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Exercise 3: Writing Obituaries

INSTRUCTIONS: Write an obituary based on the information given below. Use your judgment, based on what you have read in this chapter, in deciding whether to use the most controversial details. Write the obituary in Associated Press style and use proper grammar, spelling and punctuation.

  1. Write an obituary for another student in your class. Assume the student died of unknown causes early today and the student's funeral arrangements have not yet been made. Do not write a news story about the person's death, but an obituary about his or her life. Include the student's philosophy and goals and interesting experiences or major accomplishments. You might also describe the student's physical traits. Avoid generalities and clichés.

  2. During a two-hour class period, go out onto your campus and look for two people together, both strangers to you. With their consent, interview one of those persons about the "deceased" other person. Continue the interview until you obtain some good (specific) quotations about the "deceased." Then return to your classroom and write an obituary before the end of the period. Assume the person died of unknown causes early today and the funeral arrangements have not yet been made.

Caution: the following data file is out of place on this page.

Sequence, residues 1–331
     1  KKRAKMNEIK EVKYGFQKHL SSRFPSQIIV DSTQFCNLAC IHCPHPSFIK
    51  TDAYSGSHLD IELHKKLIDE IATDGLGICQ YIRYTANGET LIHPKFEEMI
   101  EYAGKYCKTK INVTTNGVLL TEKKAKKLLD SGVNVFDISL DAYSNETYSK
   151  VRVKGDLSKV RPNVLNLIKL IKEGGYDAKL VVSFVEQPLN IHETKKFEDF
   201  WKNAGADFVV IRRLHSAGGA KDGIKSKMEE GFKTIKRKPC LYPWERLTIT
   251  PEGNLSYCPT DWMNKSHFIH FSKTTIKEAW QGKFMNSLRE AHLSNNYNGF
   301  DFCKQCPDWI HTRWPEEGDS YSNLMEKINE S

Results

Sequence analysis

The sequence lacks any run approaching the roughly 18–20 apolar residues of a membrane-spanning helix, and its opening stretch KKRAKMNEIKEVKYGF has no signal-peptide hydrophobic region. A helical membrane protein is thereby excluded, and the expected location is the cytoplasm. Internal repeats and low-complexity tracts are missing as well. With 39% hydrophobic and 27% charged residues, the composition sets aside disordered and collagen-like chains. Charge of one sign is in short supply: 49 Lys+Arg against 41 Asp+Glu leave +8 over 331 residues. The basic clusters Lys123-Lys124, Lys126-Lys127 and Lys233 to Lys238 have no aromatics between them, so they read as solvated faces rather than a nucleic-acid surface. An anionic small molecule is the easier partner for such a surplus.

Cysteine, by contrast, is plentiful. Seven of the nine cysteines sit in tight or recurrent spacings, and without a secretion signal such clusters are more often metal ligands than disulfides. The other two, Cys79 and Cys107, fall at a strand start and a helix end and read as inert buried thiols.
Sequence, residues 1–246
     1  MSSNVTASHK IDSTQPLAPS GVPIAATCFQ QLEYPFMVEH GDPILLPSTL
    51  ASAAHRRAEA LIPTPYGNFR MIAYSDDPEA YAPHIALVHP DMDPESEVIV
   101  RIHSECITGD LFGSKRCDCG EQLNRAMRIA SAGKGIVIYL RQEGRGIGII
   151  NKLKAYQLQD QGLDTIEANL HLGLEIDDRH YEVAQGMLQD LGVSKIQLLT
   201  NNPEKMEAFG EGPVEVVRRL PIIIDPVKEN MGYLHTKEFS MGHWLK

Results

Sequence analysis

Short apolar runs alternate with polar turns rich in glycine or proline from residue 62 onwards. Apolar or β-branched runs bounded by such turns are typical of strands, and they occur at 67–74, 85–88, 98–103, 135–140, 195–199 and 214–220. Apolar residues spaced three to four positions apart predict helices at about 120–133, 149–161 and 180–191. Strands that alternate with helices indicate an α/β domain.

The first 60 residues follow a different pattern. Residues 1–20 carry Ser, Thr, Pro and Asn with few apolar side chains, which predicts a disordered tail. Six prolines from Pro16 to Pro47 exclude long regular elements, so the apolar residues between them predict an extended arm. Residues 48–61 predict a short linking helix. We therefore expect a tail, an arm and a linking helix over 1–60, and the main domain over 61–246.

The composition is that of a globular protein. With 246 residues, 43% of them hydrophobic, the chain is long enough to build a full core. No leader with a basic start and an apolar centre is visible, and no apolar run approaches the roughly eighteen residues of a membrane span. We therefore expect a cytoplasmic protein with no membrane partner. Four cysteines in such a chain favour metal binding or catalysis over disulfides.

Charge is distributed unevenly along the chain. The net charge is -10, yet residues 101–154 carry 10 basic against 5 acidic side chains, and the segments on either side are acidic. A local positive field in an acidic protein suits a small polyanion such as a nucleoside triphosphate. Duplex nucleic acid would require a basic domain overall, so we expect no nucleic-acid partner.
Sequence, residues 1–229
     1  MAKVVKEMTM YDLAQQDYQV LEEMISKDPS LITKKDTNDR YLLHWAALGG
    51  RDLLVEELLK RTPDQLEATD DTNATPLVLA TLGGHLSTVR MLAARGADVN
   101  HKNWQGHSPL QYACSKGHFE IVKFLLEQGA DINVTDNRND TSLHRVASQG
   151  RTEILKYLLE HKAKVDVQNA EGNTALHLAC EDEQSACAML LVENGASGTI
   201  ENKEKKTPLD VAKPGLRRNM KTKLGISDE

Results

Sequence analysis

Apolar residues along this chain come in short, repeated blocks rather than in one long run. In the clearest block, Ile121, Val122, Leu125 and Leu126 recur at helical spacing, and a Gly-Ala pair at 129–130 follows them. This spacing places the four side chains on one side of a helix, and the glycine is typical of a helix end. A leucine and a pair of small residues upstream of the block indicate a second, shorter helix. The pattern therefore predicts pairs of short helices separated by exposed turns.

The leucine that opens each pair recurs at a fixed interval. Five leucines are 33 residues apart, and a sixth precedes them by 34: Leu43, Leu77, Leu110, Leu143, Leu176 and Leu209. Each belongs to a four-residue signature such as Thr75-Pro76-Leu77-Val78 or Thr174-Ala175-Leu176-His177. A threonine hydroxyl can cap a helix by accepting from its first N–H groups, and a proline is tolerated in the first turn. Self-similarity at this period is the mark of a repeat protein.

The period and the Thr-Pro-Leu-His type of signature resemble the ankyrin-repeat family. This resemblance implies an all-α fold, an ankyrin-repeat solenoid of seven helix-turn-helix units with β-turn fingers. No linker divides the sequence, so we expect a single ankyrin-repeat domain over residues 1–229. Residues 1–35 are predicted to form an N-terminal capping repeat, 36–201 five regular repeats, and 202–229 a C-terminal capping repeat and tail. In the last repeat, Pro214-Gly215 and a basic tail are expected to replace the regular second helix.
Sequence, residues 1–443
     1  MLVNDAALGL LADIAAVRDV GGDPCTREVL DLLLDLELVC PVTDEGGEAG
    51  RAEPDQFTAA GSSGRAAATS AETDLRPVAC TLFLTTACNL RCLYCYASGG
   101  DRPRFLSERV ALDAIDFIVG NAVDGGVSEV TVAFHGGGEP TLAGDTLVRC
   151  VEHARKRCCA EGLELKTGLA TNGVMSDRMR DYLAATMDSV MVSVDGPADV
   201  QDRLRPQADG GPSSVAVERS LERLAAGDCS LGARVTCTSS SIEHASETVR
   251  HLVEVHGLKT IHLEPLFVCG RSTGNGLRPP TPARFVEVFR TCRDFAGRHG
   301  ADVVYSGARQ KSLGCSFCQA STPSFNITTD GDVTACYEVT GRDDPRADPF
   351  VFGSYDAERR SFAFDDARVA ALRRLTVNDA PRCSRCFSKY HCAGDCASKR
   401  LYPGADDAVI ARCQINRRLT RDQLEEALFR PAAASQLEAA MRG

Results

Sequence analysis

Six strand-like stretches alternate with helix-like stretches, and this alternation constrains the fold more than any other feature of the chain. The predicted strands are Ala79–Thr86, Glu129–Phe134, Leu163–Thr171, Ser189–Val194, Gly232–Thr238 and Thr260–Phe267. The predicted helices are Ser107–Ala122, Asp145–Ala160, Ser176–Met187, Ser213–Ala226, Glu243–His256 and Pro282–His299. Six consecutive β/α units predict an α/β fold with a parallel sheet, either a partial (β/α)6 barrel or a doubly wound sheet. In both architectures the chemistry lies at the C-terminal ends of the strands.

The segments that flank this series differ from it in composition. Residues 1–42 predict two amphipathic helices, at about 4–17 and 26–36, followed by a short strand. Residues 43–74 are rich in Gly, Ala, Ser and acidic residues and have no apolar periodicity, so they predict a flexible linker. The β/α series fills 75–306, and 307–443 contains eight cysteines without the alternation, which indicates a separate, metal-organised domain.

3. Write an in-depth obituary for a celebrity. Briefly report the person died of unknown causes at home last night and the funeral has not been scheduled. Do not make up any other facts or report only what you remember about the person. Instead, use your campus library to thoroughly research the person's character and accomplishments. (Consult and, on a separate page, list a minimum of 10 sources you used while writing the obituary.)
    After your lead, immediately report additional highlights—interesting and important details—that help describe the person's life, character and accomplishments. Avoid dull lists, and avoid reporting the information in chronological order. More routine details (such as the person's place of birth, education and survivors) should be placed near the end of the obituary, not near the lead.
    Celebrities about whom you might write an obituary include musicians, athletes, political figures, journalists, entertainers and authors. You might write an obituary on your mayor, governor, senator or representative.


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